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Nova Santa Ponsa

The festivities of the Rei en Jaume commemorate the landing of the troops of the King of Aragon, Jamie 1, in Santa Ponsa in 1229. The ensuingbattles, which took place over several days, changed the course of history in Mallorca, ending 600 years of Arab rule in the island, and replacing the faith of the mussulmans with Christianity.


The landing of the King is re-enacted all over Mallorca on various dates and in various locations, such as San Telmo, but the annual mock battle in Santa Ponsa is the largest and most authentic, recreating a real feel for the violence and terror of those far-off nights.

On Saturday 8th September 1229, an exploratory squadron came to reconnoitre the coast of Mallorca, prior to making a landing. Meanwhile King Jamie, commanding a fleet of 155 warships, and smaller transport ships carrying 1,500 officers and 15,000 troops, as well as all the machinery of battle, waited off the coast. The King's own words record that "we found a place called Santa Ponsa and decided it would be a good place to land. At midday on Sunday a saracen named Ali, of La Palomera, came swimming out to us, and gave us news and information about the island, the city and its King. I gave the order that when midnight came, the galleons and warships should weigh anchor..."

The following day, Sunday 9th, the King and his troops rested off the island of Pantaleu in San Telmo, and just after midnight on Monday the 10th the huge landing took place, with a shock meeting of 5,000 saracens, 1,500 of whom perished. The King himself led an attack against 400 infidels, and the Montcada Brothers (later found to be uncle and nephew), carried on the fight with great bravery. On the 11th, whilst the King rested in his tent in Santa Ponsa, the bulk of the forces of the Arab commander, somewhere between 18,000 and 42,000 men, with 2,000 to 5,000 horses, according to various chronicles, who had marched out of Palma city, advanced steadily towards his camp. On the 12th battle raged all day, the cowardly troops of Nuno Sanchez being urged not to surrender by the King, and the gallant Montcada Brothers being killed in action, fighting bravely to the last. The King marched on to Bendinat (Be hem dinat), which in Catalan means well have we eaten), to rest and spend the night. The two Montcadas were buried on the 14th amid much mourning, and a monument was erected in their memory next to the old pine tree which sheltered their remains, and which continued to do so right up till 1914. After eight days of mourning, the King and his troops advanced on Portopi, where they destroyed the mussulman resistance, and arrived at the walls of the city of Mayurka. The King catapulted 400 severed heads of decapitated mussulman soldiers over the city walls to weaken morale inside, and after fierce fighting, the Arab King Aby Yahya surrendered to the Spanish, asking only that his people should be spared, and allowed to leave the island when and if they chose. The King showed clemency, and sparing the lives of those inside, received the city almost intact, but the followers of the Montcadas and the vengeful bishop of Barcelona, Berenguer de Palou, demanded revenge, and forced him to continue the slaughter and fighting against the infidels. In this way were the Moors forced out of the island, and christianity re-established.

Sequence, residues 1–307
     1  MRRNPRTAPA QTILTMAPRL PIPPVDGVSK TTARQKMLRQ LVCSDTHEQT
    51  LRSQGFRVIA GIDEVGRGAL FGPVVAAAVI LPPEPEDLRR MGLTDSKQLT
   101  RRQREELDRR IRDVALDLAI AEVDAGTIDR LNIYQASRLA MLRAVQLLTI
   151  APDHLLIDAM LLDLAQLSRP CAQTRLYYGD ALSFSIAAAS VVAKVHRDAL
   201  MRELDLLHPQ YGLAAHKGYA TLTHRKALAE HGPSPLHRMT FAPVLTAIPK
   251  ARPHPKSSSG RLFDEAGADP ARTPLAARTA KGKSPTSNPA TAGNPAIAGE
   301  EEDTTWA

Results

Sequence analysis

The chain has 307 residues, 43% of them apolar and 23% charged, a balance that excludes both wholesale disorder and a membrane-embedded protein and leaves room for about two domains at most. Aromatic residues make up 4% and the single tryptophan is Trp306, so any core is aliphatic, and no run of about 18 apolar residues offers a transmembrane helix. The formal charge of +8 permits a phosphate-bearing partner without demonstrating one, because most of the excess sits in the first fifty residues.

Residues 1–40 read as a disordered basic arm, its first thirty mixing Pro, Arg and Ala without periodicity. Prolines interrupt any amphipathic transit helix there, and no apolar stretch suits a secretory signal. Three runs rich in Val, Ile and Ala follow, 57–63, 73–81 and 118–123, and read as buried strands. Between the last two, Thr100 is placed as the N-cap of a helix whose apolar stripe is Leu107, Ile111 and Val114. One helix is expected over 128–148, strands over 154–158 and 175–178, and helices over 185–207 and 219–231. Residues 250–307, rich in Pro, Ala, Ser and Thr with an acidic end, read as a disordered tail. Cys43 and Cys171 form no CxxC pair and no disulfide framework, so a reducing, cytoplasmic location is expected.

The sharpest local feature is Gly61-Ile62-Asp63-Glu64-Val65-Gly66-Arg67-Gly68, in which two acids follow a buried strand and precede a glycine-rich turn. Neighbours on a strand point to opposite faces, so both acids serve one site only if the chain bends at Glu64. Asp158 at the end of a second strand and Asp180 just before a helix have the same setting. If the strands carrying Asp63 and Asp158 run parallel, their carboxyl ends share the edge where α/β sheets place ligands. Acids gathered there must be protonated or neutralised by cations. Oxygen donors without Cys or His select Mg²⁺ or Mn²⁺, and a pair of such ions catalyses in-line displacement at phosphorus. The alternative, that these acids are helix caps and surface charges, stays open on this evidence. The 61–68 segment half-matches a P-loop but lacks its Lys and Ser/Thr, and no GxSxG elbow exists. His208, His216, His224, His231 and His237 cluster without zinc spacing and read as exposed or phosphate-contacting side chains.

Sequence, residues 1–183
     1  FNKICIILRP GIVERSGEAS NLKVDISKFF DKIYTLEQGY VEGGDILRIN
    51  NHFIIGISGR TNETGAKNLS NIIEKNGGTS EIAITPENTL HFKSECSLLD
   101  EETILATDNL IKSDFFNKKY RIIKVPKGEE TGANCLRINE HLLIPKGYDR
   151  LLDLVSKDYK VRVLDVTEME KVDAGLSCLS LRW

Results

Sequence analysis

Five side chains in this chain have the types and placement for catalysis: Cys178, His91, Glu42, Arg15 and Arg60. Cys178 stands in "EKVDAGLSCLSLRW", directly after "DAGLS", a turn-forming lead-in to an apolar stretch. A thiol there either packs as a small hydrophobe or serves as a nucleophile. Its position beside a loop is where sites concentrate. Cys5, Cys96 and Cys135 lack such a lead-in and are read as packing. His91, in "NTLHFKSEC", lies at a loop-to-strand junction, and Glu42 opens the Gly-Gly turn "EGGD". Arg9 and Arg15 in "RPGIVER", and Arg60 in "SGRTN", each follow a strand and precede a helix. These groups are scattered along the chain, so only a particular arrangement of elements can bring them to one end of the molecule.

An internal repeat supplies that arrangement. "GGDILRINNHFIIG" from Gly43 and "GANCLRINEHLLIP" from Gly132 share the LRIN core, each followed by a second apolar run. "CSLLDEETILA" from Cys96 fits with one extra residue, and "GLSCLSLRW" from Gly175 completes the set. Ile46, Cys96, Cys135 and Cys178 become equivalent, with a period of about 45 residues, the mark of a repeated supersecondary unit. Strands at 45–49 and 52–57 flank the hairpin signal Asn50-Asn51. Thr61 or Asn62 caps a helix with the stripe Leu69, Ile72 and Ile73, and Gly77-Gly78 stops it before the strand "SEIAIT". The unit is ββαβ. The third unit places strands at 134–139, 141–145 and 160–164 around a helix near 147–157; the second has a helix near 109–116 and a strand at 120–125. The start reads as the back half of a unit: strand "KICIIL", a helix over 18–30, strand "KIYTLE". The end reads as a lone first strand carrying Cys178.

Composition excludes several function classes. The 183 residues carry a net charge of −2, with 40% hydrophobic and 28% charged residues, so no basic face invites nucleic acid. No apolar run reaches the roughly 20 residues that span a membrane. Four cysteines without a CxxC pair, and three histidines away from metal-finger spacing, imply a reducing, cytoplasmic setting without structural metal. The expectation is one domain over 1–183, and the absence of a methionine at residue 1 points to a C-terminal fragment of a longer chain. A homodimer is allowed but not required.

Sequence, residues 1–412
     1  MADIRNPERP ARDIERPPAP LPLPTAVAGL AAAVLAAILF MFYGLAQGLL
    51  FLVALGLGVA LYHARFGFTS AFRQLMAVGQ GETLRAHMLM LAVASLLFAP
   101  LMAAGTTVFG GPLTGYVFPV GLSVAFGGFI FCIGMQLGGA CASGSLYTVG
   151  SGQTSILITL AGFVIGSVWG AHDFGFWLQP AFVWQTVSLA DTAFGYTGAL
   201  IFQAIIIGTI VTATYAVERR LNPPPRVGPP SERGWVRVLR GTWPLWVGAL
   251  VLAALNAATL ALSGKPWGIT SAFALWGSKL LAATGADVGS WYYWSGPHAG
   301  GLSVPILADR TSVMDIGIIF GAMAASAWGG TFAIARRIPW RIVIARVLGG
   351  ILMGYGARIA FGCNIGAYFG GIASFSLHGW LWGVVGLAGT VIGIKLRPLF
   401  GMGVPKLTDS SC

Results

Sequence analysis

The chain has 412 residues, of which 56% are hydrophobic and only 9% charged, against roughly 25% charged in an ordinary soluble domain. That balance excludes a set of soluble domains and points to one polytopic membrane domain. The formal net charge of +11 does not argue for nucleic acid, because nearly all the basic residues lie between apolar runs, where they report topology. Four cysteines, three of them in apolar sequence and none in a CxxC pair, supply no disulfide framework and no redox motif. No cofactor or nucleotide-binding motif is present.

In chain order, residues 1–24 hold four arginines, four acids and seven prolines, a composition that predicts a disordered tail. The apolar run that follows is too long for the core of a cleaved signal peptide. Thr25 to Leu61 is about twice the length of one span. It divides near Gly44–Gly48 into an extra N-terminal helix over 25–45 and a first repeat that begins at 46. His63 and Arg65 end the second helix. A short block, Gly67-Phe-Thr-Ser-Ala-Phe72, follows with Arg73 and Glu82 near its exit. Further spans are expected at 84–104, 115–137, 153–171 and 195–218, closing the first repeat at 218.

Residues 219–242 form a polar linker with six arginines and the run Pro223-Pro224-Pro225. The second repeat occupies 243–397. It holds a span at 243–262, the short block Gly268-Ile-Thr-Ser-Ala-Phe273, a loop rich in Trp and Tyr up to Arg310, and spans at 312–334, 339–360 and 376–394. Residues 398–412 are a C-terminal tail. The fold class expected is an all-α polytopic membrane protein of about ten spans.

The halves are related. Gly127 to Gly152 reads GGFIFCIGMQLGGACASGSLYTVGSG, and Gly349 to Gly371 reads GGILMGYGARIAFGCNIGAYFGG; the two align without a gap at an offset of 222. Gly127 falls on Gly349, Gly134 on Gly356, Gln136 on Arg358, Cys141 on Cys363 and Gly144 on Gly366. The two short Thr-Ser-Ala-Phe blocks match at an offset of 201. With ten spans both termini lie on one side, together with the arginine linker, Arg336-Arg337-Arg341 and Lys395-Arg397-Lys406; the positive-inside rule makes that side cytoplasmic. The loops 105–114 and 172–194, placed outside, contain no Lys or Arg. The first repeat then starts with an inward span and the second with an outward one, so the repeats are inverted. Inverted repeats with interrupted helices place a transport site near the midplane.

Nowadays, the fiestas of the Rei en Jaume combine historical fact with popular culture, art and music, as well as a healthy dose of fun. The festival, which cost the taxpayers of Calvia some 30,000 euros last year, includes a yacht regatta, open to yachts of various classes, including the classics, which covers 15 to 20 nautical miles from Puerto Portals to Santa Ponsa around a marker in Palma Bay. There are prizes, a luncheon, and a good deal of prestige attached to this event. On land, a huge procession takes place in town, with the Associacion de geganters de Calvia (Calvia giants' association) parading the enormous characters which represent the King, the Montcada knights, and the three most prominent saracens, throughout the streets. The knights, both christian and saracen, are mounted on papier.mache horses, and all the characters are dressed according to the period, one of the main symbols of the festival being the the helmet of King Jaume, in the form of a griffin. All these characters have their own dances and music, the giants dancing at the Christian parade and at the protocol ceremony, whilst the knights carry out a sham fight to the best of the municipal band. The dance of the escamots, involving the use of sticks, takes place during the presentation of the standards and the before the final battle on the beach. During the fiesta it has become a tradition for popular Mallorquin music groups to perform on the Friday night after the protocal ceremony and the saracen parade. This event usually begins at 9pm and finishes in the early hours. And of course, no Mallorquin festival would be complete without fireworks! The "nit de foc" is a pyrotechnic spectacular in which demons run behind people throwing firecrackers, in an incredible show if noise and excitement which fills the promenade of Santa Ponsa and has become one of the highlights of the whole festival. The culmination of events, a huge fireworks display which fills the night sky with lights and color, brings to an end another year of history remembered.


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Central Office
Avda. De la Playa #5
Local 1 Palma Nova,
Calvia, Baleares 07181
Tel: 971 68 19 30

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